Friday, November 11, 2016

Van Gogh in Paris

In February 1886, Vincent van Gogh was so poor that he could not pay his rent in Antwerp, Belgium, so he hotfooted it to Paris to move in with his brother.

He arrived unexpectedly in Paris in March 1886 and left just as abruptly. But he lived those two years like a ball of kinetic energy, interacting with the nineteenth century most dynamic artistic and intellectual environment.

van Gogh
Van Gogh stayed in the capital of the nineteenth century for two years, from 1886 to 1888. He lived with his brother Theo. Theo introduces van Gogh to the works of Clyde Monet and the Impressionists.

In Paris, his ideas about painting were challenged, and he learned new techniques and styles from many of the artists he met. In Paris he was introduced and became friends with Émile Bernard and Paul Gauguin, two painters who profoundly challenged his use of the palette.

Settling into an apartment with his brother on rue Lepic van Gogh explored his surroundings, paintings areas in close proximity to where he lived, including Asnieres, a nearby town along the bank’s of the Seine.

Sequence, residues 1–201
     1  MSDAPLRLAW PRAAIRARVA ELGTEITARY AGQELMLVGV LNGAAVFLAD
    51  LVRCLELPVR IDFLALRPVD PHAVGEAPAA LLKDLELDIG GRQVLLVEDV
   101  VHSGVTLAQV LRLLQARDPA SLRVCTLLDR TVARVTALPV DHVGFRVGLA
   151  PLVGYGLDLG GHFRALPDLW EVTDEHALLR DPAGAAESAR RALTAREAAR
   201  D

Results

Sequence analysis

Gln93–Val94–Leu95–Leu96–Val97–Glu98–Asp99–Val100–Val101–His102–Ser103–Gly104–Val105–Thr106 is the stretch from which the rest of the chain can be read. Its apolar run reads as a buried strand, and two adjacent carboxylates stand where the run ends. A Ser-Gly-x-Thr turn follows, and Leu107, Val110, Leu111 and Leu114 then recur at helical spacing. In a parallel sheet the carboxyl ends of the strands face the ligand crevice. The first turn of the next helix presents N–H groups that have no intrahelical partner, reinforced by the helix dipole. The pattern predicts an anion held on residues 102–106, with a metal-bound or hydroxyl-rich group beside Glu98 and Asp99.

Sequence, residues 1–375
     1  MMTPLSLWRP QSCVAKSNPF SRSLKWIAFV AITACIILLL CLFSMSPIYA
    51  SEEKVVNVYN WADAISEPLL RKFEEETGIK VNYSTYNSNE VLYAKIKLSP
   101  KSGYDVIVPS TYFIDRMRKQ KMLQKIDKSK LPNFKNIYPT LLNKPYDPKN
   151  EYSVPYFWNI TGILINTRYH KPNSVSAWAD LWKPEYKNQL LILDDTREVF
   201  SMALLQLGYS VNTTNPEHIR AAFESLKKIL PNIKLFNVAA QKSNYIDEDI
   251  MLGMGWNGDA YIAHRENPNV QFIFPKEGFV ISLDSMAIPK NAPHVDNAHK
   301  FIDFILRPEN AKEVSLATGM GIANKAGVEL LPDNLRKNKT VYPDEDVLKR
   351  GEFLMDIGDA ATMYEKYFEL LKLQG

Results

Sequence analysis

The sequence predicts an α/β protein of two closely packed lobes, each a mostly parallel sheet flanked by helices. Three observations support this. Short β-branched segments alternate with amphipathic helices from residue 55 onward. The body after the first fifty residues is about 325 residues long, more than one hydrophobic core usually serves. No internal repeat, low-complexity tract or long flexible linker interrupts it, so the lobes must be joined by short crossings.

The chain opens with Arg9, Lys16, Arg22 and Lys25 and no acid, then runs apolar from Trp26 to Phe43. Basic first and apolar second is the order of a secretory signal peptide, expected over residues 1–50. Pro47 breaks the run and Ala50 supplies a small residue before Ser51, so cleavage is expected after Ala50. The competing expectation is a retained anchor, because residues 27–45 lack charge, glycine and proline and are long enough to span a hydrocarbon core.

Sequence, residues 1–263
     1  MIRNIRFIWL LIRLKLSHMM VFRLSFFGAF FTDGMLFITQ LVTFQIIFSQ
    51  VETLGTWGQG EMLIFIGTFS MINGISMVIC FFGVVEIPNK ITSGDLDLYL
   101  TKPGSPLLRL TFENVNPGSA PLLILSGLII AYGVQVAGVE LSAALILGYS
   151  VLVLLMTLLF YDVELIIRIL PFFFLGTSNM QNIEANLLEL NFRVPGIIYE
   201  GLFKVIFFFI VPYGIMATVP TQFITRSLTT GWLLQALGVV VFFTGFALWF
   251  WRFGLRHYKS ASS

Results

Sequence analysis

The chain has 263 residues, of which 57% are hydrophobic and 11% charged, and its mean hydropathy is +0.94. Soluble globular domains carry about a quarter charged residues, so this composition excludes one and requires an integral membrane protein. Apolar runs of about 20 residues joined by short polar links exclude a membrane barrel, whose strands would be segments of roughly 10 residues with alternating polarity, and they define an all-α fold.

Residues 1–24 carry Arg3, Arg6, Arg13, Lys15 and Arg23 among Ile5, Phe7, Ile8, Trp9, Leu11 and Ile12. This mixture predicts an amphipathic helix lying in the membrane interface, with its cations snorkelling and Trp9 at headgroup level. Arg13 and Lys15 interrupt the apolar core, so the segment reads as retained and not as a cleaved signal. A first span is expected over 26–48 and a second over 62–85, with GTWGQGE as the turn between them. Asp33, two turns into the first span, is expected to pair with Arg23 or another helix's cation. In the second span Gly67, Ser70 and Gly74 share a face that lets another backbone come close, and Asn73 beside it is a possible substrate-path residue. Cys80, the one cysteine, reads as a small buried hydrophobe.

There he drew inspiration from the bridges, often depicting several different views, as well as the restaurants de la Sirene.

Paris 1886
He attended the salons of Henri de Toulouse-Lautrec, along with cancan dancers, musicians, actors and writers, and other members of the Montmartre demimonde. And he was particularly inspired by the work of Adolphe Monticelli, a painter from Provence who was known for his thickly painted and colorful still life of flowers.

During in Paris, van Goh used canvases of rather varied density, most commonly about 12 x 13 threads per square centimeter. Toward the end of his life, however, the majority of the canvases he employed has a weave that was slightly irregular and asymmetrical with 12 x 18 threads per square centimeter.
Van Gogh in Paris
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